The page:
Vanguard Wellington is boring and old, but it keeps producing stellar risk-adjusted returns. Here’s how it does it.
The strategy of Vanguard Wellington VWELX isn’t supposed to work anymore.
Since 2008’s debacle, many pundits and investors have declared the era of the buy-and-hold, 60%/40% stock/bond portfolio dead. It has become common to hear that the only way to build and preserve wealth is to be more tactical and flit among traditional and alternative asset classes.
This fund stands in quiet defiance of that trend. It continues to deliver competitive results with acceptable risk by keeping things simple and charging a very low fee. In many ways, it is the epitome of a stodgy old fund run by skilled active managers, one on the equity side and one on the fixed-income side.
It buys and holds dividend-paying stocks when the market frowns on them and trims them when they gain favor. Its bond portfolio eschews leverage and derivatives and favors higher-quality corporate bonds with yields that adequately compensate for their risks. The fund’s expense ratio is among the lowest for actively managed moderate-allocation funds, and its managers are seasoned and steeped in and committed to the fund’s approach. It has many desirable qualities.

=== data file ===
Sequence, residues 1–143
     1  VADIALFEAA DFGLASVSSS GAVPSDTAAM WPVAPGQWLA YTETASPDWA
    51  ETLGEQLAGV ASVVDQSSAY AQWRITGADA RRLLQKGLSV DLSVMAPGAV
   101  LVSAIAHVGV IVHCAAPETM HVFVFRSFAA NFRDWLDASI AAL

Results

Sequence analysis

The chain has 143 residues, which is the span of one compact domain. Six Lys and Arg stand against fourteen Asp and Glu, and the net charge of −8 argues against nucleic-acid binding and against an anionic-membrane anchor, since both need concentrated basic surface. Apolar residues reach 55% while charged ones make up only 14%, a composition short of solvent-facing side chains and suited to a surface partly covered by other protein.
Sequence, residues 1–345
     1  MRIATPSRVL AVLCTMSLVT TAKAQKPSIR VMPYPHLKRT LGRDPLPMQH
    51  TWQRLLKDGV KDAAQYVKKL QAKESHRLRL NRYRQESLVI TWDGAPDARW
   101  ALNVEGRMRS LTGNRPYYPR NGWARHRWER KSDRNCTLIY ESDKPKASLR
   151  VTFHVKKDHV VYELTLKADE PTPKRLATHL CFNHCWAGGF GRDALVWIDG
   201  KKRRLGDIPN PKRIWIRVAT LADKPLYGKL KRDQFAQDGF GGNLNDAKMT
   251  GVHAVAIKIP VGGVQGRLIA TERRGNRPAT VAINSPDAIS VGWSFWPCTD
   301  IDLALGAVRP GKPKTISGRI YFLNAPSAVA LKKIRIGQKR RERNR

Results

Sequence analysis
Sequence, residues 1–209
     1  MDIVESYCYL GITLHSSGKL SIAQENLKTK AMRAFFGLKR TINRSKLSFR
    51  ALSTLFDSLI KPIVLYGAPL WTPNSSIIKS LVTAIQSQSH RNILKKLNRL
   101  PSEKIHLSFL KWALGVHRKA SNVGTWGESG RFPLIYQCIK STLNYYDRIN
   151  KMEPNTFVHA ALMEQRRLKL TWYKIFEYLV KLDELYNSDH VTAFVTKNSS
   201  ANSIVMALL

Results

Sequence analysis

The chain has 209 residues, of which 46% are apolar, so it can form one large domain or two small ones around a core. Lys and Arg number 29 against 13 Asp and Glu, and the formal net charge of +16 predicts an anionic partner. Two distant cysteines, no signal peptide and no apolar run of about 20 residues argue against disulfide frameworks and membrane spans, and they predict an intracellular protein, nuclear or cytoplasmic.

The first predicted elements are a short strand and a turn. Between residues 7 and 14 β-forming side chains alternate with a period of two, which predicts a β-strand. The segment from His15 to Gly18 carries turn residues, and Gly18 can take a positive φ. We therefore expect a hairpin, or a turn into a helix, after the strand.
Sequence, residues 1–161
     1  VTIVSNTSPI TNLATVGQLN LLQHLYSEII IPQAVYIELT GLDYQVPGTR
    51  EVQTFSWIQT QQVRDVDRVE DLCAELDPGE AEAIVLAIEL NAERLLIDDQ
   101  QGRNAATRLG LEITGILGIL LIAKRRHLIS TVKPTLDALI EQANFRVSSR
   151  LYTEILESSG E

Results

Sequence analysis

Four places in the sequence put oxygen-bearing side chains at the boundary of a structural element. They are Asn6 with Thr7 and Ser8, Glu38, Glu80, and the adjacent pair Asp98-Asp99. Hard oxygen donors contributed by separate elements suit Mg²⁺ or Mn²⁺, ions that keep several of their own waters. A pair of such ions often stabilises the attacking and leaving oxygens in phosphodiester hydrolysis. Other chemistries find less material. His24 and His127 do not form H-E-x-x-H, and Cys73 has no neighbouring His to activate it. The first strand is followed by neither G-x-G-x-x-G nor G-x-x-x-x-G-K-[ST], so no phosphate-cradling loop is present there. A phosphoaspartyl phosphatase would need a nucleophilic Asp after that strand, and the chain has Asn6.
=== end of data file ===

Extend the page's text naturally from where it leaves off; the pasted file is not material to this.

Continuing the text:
At nearly $56 billion in assets, it is the fourth-biggest balanced fund in the United States, but its below-average turnover and slightly cross-grained predilections help it manage its girth. Indeed, during 2011’s maddening volatility, equity manager Ed Bousa bought stocks when they were weak and trimmed when they were strong. He took advantage of declines to buy cyclical companies like Ford F and Dow Chemical DOW and to add to positions like Microsoft MSFT. He reduced utility, health-care, and consumer staples stocks that had done well.
As it typically has for years, the fund currently has more in equities than its average moderate-allocation peer, but it hasn’t been riskier. It long-term volatility measures, such as standard deviation, are average to below-average for the peer group, and the fund has delivered investors more return for its risks, according to its 10-year Sortino ratio. There are also a lot of hedge funds that would love to have this fund’s 6% annualized return since Bousa arrived in 2000.
To explore how Vanguard Wellington does it, we will take a deep analytical look at the fund using the five pillars that Morningstar’s analysts use to determine their ratings: Process, Performance, People, Parent, and Price.
This is the oldest balanced fund, and it has seen some strategy shifts and many manager changes in its time. The fund’s current approach, however, has been in place and consistently executed for more than 30 years.